when the status quo frustrates.

Joys of Being Broke

Thursday, December 9th, 2010

The Obama administration has broken down and agreed to extend the Bush era tax cuts for not only the poor, middle class, and rich, but also the mega-rich in exchange for extending unemployment benefits. Some jerk-ass abuses food stamps and is amazed to find what you can purchase food. It seems like the most privileged people in the world have no idea what it is actually like to be poor, and therefore feel perfectly comfortable being superior asses about it.

But, let me tell you about being broke. My last temporary job ended early in November, and no new job has been forthcoming. Hubby’s still got his job, but since he makes less than a manager at Taco Bell as a pilot, this means our budget is stretched tighter than it can sustain. My credit card is maxed out, my Sallie Mae loans are past due, and we owe the hospital about hundred bucks for a bout of tonsillitis that I’m still paying off. We’re in a pretty bad place, but I still say “broke” instead of poor because our bills are paid, I haven’t accrued interest on my credit card yet, and fuck Sallie Mae, I’m never getting those loans paid off anyway. The hospital is working with us. But, because we’d like to have enough food to last us until the end of the month, I went and did that humiliating process that me, a good chunk of my friends, and probably most poor people have done at some time in their life or another: I rounded it up what stuff which was of value in my apartment (and that Hubby and I could bare to part with) and went to the pawn shop and then a book dealer’s.

I hate pawn shops. I hate how they basically scam on people who are desperate, I hate how they look at me when I bring my stuff in, and I hate how powerless I feel when I walk in. I know the stuff I have is crap. We have never had a ton of disposable cash, so we really don’t have anything worth pawning. We have a few pieces of weaponry that are family heirlooms that we basically wouldn’t get half of what we’ve spent on them, and a few pieces of jewelery that, again, we wouldn’t get a quarter of what we spent on them (I know- the last time I went to the pawn shop, it was to pawn a gold bracelet with diamonds and sapphires in it. An ex boyfriend gave it to me- he bought it new for a thousand dollars. The pawn shop was willing to give me fifty. I ended up selling it to a Cash for Gold place and getting 60 for it). I have a computer with a monitor that isn’t mine, a second-hand printer, a tv that’s half-way to broken and a pair of cars we couldn’t get $500 for. So, what I had of value in the apartment was a DVD player, and a harp. For the pair of them, I got twenty-five bucks.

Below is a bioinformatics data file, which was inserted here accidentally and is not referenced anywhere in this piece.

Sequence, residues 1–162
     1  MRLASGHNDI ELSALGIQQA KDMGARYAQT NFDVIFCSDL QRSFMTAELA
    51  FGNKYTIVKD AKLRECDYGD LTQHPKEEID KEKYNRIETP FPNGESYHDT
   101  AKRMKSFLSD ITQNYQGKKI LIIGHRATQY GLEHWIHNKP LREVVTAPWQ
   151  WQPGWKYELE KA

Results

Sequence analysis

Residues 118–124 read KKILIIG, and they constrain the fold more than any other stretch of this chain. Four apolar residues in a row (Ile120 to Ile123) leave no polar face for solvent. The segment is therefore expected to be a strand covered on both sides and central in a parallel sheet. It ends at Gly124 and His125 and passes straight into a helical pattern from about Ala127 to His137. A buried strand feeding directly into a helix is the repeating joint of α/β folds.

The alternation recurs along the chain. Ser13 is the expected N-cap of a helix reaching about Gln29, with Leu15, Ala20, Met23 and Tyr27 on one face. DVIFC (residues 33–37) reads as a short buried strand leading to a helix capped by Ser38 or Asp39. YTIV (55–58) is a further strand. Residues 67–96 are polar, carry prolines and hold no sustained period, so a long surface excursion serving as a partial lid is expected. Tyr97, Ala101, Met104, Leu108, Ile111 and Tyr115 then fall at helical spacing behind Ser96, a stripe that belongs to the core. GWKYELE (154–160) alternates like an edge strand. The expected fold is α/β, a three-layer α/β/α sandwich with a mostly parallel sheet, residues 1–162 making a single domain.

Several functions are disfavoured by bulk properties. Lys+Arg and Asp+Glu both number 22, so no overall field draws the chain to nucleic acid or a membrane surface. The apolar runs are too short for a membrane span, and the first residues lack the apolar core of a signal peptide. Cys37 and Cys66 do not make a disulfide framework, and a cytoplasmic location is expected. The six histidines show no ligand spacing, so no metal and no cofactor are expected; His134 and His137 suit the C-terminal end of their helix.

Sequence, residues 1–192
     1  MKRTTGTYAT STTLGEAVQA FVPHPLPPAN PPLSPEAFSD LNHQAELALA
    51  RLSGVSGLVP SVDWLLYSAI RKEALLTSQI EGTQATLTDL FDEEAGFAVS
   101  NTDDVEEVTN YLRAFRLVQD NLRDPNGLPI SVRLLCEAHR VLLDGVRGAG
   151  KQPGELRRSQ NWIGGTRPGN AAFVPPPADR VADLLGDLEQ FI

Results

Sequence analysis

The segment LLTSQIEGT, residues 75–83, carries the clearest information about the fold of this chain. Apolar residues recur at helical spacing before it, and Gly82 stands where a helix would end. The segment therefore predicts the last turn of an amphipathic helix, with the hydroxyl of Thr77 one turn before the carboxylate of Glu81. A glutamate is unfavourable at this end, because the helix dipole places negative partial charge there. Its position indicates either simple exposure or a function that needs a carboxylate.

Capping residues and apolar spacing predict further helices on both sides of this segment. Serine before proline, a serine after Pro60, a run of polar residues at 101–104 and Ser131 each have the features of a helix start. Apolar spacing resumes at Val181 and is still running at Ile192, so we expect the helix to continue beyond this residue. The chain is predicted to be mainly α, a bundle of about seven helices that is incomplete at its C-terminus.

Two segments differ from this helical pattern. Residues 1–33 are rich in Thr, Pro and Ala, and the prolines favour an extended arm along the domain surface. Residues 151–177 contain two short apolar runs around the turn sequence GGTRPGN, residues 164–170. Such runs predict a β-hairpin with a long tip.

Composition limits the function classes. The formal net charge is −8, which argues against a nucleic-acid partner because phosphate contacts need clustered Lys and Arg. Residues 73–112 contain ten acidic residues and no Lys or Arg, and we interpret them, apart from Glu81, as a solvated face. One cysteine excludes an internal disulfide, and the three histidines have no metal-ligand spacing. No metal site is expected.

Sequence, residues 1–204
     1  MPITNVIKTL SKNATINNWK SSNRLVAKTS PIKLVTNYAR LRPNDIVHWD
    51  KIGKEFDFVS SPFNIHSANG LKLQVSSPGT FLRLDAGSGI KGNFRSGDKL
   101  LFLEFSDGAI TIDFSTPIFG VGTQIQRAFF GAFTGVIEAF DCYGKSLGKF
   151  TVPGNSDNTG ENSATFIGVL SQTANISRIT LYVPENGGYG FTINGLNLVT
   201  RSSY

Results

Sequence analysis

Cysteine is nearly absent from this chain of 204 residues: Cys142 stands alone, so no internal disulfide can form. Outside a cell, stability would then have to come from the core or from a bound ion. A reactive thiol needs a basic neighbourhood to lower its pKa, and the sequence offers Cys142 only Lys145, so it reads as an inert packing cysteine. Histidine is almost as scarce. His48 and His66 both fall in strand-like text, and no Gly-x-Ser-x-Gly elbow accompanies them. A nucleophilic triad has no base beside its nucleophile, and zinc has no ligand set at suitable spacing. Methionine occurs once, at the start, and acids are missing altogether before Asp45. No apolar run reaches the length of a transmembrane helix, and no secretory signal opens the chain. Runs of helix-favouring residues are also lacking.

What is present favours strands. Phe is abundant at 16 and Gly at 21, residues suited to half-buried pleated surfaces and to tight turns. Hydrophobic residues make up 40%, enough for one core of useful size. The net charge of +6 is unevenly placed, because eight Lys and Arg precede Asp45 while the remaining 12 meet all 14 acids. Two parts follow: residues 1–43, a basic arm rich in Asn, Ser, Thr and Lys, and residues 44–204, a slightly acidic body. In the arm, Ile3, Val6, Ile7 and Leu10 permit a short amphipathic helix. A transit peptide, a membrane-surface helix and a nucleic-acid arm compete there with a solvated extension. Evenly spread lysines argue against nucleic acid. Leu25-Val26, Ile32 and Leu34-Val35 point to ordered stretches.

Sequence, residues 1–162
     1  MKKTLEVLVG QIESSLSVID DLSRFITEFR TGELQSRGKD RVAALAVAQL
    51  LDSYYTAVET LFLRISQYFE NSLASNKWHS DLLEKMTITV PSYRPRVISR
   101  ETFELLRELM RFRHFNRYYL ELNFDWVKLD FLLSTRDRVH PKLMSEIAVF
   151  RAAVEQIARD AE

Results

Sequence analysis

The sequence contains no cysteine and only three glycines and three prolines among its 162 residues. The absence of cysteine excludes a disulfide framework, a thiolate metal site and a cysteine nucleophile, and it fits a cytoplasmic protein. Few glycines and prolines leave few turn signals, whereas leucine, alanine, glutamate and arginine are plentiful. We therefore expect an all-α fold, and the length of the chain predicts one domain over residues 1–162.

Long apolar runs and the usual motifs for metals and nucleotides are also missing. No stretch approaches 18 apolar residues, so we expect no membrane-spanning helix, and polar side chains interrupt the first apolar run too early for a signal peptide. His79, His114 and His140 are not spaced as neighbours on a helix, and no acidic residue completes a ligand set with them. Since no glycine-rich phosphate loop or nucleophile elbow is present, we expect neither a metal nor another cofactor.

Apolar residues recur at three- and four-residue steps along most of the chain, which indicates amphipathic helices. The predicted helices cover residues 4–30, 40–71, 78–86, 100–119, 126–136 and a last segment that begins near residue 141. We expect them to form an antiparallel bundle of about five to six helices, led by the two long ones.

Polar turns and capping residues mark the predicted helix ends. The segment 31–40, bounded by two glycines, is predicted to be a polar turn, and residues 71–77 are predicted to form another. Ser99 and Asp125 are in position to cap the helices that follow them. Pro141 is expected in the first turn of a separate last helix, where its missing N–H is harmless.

The used bookstore wasn’t any better. I had about 30 books, all in good condition, popular reads, and for the lot of them I got…24 bucks. I have no idea which books cost which, or what the rubric was: they refused to say individually what book was getting what- I had a “you get 24 for the whole lot, take it or leave it” attitude.

I took it. I liked my books, I liked my harp, I liked my DVD player. Honestly, the utility I got for those items probably outweighed the cost I spent them for. But since real life is not economics, the money was more necessary than the items. This will cover gas and groceries for the rest of the month. I find it ironic- the people who have the ability to say “no” and walk away are the ones who have the most power when it comes to these sorts of negotiations. But if you’re at the pawn shop door, clutching your instrument, you aren’t in a position to say no. You aren’t the person who goes “Fuck it, I’ll wait it out and see if I can get better on Craigslist” or decide to see if Amazon can get you anything. You’re already in a position where you need the cash. It’s like a job interview in a terrible economy- you’re trying not to look too desperate, but both you and the interviewer know which one has the power. If you want better hours, better pay, better whatever *shrugs* sucks to be you. There’s a line of a hundred other people out there that can do that job as well as you can. If you are more experienced, more learned, more whatever, and you try to get those same features, you’re “overqualified” and it’s better to ask the row of people behind you to work for less.

Being broke is a constant battle with your pride and your values, and have to have people look down at you because of it. It’s begging to get a little more for your prized possessions, and groveling for a job you know you’re going to hate. It’s constantly assessing your value, because hey, even if you don’t believe them there are five million conservatives squawking about how unemployed people are just lazy, or even worse, your family and friends talking about how unemployed people are just not looking hard enough (but I don’t mean you, of course). Being broke is being tired, because you have all this time, but no money to really do anything, and nobody to do it with.

But fuck 600 billion dollars a year- rich people need a new yacht, right? And isn’t it the greatest injustice in the world that poor people can get candy?